Monday, January 31, 2011

The Splintered Soul in "Black Swan"

Black Swan is an intensely delirious movie that charts a girl’s descent into dark territory.

A ballet company in New York is staging Swan Lake, and its director Thomas Leroy (Vincent Cassel) elects to replace Beth MacIntyre (Winona Ryder) with Nina Sayers (Natalie Portman) as the Swan Queen.

Leroy has doubts. He thinks Nina has the perfect technique to be the White Swan, but she is stiff and cold- sexless to be the Black Swan. What follows is Nina’s struggle to be perfect as well for the Black Swan role.

Black Swan’s director Darren Aronofsky and writers Mark Heyman, Andres Heinz and John McLaughlin expertly draw from literary and cinematic traditions to skillfully depict Nina’s unraveling.

Nina’s interior life resembles Rapunzel’s: She is locked up in the tower by an overbearing Mother Gothel (Barbara Hershey as Erica). They live together, and clearly, Erica supports Nina’s ambitions and dotes on her. But maybe too much: Erica wakes her, feeds her, undresses and dresses her, even taking Nina’s earrings out herself.

Consider an early scene in which Nina talks about having a dream. At first, we assume that she is talking to her mother. Much later, we realize she may have been talking to herself. This is what she does when she is by her lonesome. In the hallways of the theater, she is all by herself many times, even as girls her age talk and laugh among themselves.

In another early scene, mother and daughter regard a fruit. “How pretty,” they say; talking like children. Nina’s bedroom is full of stuffed toys- designed like a child’s room.

Hershey convincingly plays a mother who is by turns sweet and suffocating, jealous and protective. Erica used to be a ballerina herself and while she wants her daughter to realize her dreams, she admits at one point that she thought her daughter cannot handle the pressure. She is also aware that her daughter is unstable, so she wishes Nina would stop harming herself. A nail-clipping scene that will dare you to look away would show how shockingly involved Erica is, and how layered this involvement is. In another scene, Erica urges Nina to have a little cake after Nina cops the plum role. Subsequently, Erica demonstrates how forceful she is whether she wields a knife or a nail clipper.

In this particular shot, the camera is tilted to convey the uneasiness in their relationship. We observe that Erica is lit partially, and we know that she is not all cheer. “Sweet child,” she coos, and we know these words are veiled. While Nina lies on the bed, her mother towers over her, and while the hand touches Nina’s head tenderly, it could very well be pushing the head down. Nina is severely restricted, by herself and her mother, and she has to acknowledge this.

Black Swan’s first crucial plot point is a trade common in fairy tales: a bargain that will cost you. Nina will get to play the Swan Queen if she can show Leroy how to play the Black Swan.

True to the Swan Lake story, Nina (the princess) finds herself tapped by the artistic director (the prince), thereby getting the happiness she seeks. However, she finds the Black Swan role a burden (the curse) because she does not know how to seduce the audience. Her mother (the sorceress) has cloistered her, and therefore crippled her. Lily, another member of the troupe (another swan, Odile from the source) who exudes the wildness and the passion required, threatens to ensnare the director and usurp the Swan Queen role.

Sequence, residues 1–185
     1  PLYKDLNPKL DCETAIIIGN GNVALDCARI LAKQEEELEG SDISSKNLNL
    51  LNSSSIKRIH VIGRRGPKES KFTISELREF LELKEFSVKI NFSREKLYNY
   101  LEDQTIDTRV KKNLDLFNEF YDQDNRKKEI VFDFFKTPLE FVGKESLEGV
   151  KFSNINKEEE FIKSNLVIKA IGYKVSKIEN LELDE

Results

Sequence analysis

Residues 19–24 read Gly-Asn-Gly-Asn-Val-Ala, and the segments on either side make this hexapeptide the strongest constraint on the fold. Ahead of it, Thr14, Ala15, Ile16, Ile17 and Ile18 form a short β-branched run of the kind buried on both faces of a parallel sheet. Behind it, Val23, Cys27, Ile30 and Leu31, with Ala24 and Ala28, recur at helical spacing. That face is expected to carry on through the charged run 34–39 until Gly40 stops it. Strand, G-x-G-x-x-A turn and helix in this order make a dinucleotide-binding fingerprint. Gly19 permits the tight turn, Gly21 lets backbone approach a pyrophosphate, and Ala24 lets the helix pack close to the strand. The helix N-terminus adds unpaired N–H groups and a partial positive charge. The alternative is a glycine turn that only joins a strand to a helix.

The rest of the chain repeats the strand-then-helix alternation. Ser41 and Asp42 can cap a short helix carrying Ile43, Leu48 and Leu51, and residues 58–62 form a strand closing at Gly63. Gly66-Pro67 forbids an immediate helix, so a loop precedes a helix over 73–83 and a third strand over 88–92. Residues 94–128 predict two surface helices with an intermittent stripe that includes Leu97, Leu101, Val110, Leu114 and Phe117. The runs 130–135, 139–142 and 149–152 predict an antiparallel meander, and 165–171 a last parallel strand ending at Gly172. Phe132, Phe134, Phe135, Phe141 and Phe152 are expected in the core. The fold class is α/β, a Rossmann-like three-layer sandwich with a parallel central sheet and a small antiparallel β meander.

Is Lily out to get her? Black Swan toys with us by blurring the lines between the real and the fantastic. It plays in line with the traditions of psychological horror fiction (The Turn of the Screw, The Innocents, The Others), in which the ghost may or may not be imagined, and the virginal heroine is repressed and possibly unhinged.

How much of it is delusion? How much is real and how much is imagined? In the scene in which she pleasures herself, she is startled to find her mother sleeping nearby. Is her mother truly in her bedroom, or did Nina conjure her image to repress her erotic feelings? Either way, it adds to the development of the themes of the movie.

Aronofsky also achieves his effects through various strategies. He uses mirrors and hallways and doubles to suggest an identity crisis, the anxiety it brings and a need to deal with it. These characterize free choice and an opportunity to learn and grow. In many scenes, mirrors force Nina to look at who she really is. Hallways represent a period of transition, a journey into the unknown. Additionally, the camera constantly moves and swirls, to indicate that Nina's personality is in flux.

Plus Nina has doubles in her mother, Beth and Lily.

The casting of Ryder, Portman and Kunis is inspired: Ryder as the aging star forced to retire, Portman as the star of the moment and Kunis as the ascendant star. Just like her character, Portman reaches for greatness, and achieves it.

Early in the movie, Leroy recounts the story: A sweet girl finds herself cursed to be a swan, and only true love can set her free. Before a prince can declare his love, the black swan tricks him and seduces him. The white swan kills herself and finds freedom in death.

In the middle of the movie, Nina meets her self- her alter ego, the shadow- in an alley. We know from literary history that meeting your doppelganger is a sure omen of death. Does she die in the end? We cannot say conclusively, but she definitely dies a glorious, symbolic death. She has to accept her shadow- to be uninhibited, to wake up to her flaws, to become a woman.

Black Swan succeeds in exploring parts of Nina’s personality that have been suppressed, and her disintegration after attempting to embody both swans.

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